Bret: “Woman’s rights?”
Jemaine: “No, that’s more of a man’s thing. Isn’t it?”
Bret: “No. Definitely a woman’s thing.”
Jemaine: “My dad’s a women’s rights activist.”
Bret: “Not your mum?”
Jemaine: “My mum? Nah. Dad definitely wouldn’t allow that.”
You laughed, admit it. It was funny; but this exchange from comedy show Flight of the Conchords perfectly sums up what flippant sexism is all about.
It’s a problem that’s existed in our society almost since the inception of the idea of society itself, and maybe even long before that. It’s something that many women have to deal with on a daily basis, and it’s definitely not funny.
Sometimes, however, women do get their own back, and in rather spectacular fashion too.
Take YouTube’s Superwoman, a.k.a. Lilly Singh. This Canadian YouTuber boasts of 10 million subscribers and hundreds of millions of page views. Her videos and rants have captured the imagination of her fans, many of them quite young. To them, she’s their idol.
Now Superwoman’s received her (un)fair share of sexist comments, but she chooses to ignore them and focus on her fans instead. Until now.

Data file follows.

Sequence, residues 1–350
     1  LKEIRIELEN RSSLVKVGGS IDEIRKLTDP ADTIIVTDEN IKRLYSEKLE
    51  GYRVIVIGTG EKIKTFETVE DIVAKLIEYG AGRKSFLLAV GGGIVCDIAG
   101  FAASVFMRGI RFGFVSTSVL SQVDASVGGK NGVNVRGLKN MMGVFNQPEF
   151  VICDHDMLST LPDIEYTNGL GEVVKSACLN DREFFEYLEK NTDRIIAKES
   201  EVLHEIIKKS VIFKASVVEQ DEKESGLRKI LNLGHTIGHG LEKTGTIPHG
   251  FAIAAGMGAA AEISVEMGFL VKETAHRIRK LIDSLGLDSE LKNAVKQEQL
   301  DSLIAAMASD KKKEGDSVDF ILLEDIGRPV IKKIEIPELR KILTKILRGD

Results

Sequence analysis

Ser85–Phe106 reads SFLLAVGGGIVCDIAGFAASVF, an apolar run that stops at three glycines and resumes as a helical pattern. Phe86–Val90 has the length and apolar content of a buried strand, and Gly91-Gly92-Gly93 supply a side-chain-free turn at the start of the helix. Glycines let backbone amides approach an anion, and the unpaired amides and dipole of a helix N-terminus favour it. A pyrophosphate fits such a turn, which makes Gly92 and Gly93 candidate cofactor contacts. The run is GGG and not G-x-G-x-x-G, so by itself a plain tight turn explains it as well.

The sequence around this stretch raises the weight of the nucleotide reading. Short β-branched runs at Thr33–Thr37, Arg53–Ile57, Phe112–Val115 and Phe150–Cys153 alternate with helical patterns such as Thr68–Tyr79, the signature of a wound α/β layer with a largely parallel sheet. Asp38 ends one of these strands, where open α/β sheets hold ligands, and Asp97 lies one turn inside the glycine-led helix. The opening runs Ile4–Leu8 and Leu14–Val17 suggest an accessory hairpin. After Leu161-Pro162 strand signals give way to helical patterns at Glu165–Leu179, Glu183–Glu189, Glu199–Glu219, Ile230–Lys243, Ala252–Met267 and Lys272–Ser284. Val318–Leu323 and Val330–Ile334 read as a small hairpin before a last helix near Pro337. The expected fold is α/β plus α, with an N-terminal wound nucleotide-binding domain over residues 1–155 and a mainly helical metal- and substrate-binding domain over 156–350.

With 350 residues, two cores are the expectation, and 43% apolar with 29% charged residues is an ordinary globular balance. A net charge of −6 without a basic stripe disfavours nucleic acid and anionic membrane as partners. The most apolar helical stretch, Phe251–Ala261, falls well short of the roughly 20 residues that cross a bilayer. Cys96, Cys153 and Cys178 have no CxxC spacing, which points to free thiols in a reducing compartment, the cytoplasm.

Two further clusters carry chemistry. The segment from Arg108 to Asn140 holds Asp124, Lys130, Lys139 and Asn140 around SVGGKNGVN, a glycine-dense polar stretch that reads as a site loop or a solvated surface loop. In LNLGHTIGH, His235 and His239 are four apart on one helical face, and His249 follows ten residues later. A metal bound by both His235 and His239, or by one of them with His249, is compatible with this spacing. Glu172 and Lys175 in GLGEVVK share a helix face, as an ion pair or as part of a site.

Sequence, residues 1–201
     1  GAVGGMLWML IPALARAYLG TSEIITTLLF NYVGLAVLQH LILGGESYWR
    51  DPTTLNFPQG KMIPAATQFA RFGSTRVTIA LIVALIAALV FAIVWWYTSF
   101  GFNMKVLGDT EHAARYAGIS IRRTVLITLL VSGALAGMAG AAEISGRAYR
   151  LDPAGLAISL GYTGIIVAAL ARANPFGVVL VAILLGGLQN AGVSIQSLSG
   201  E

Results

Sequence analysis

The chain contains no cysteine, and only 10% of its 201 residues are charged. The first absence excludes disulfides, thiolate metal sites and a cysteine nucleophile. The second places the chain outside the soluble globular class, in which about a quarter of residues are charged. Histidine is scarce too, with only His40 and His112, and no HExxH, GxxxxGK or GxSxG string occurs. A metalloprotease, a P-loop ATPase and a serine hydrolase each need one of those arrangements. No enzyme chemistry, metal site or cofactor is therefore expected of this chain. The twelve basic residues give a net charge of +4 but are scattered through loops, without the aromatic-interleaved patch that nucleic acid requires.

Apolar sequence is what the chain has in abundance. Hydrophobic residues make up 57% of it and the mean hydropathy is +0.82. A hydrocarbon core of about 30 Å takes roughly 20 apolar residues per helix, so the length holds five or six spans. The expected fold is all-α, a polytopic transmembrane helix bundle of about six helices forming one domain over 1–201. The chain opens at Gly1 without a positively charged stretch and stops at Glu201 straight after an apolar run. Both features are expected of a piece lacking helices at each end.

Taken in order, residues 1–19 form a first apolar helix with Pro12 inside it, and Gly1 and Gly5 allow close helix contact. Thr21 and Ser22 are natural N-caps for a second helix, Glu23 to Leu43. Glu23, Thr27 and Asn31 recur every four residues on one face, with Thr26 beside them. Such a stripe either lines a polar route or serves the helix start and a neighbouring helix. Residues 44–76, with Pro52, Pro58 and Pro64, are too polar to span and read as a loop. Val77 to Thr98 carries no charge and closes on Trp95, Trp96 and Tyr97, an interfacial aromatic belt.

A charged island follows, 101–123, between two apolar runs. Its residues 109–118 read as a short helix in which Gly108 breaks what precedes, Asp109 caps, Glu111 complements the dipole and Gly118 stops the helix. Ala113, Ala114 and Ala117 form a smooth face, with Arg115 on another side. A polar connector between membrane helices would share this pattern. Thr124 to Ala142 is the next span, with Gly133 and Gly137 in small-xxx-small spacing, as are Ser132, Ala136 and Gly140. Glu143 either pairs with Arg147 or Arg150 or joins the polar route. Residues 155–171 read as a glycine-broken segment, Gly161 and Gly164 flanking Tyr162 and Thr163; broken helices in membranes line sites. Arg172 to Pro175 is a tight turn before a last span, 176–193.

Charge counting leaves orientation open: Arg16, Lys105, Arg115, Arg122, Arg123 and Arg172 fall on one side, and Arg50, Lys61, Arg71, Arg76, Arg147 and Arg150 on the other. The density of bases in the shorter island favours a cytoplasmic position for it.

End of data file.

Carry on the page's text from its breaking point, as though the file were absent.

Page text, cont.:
The comment is, sadly, pretty much par for the course as far as internet comments go. It reads, “woman aren’t funny, shouldn’t u be in the kitching (sic) making me a sandwich”.
So what did Superwoman do? She made a video on how to, well, make a sandwich. A rather special sandwich.
We won’t spoil the video or you, but in Superwoman’s own words, the video is “savage”.
As expected, her fans loved it…
— ℓυиα ♛ | ICITNP (@LunaHeartsLilly) November 22, 2016
…and sat back to watch the fun…
— Flora🌸 (@MyLillSingh) November 22, 2016
Being sexist isn’t just about being rude or inappropriate; it’s also about perpetuating a gender stereotype, blinding oneself to a person’s capabilities and focusing only on their sex.
When Bic Pens introduced the ‘Pens for Her’ line of pens, Ellen DeGeneres took it upon herself to show the company the error of its ways.
To put things in perspective, the ‘Pens for Her’ line was exactly the same as every other pen that Bic sold, except that these pens were double the price of regular pens and were available only in pink and purple! The idea’s ludicrous, but it happened.
As Ellen put it, “Oh my God! We’ve been using man pens all these years!”
Speaking of colours, have you ever wondered why we force pink on girls? As this young lady indignantly asks, “Why is everything pink?” adding, “Girls wanna play with superheroes too!”
It’s time we all did our part to actively clamp down on sexism, don’t you think?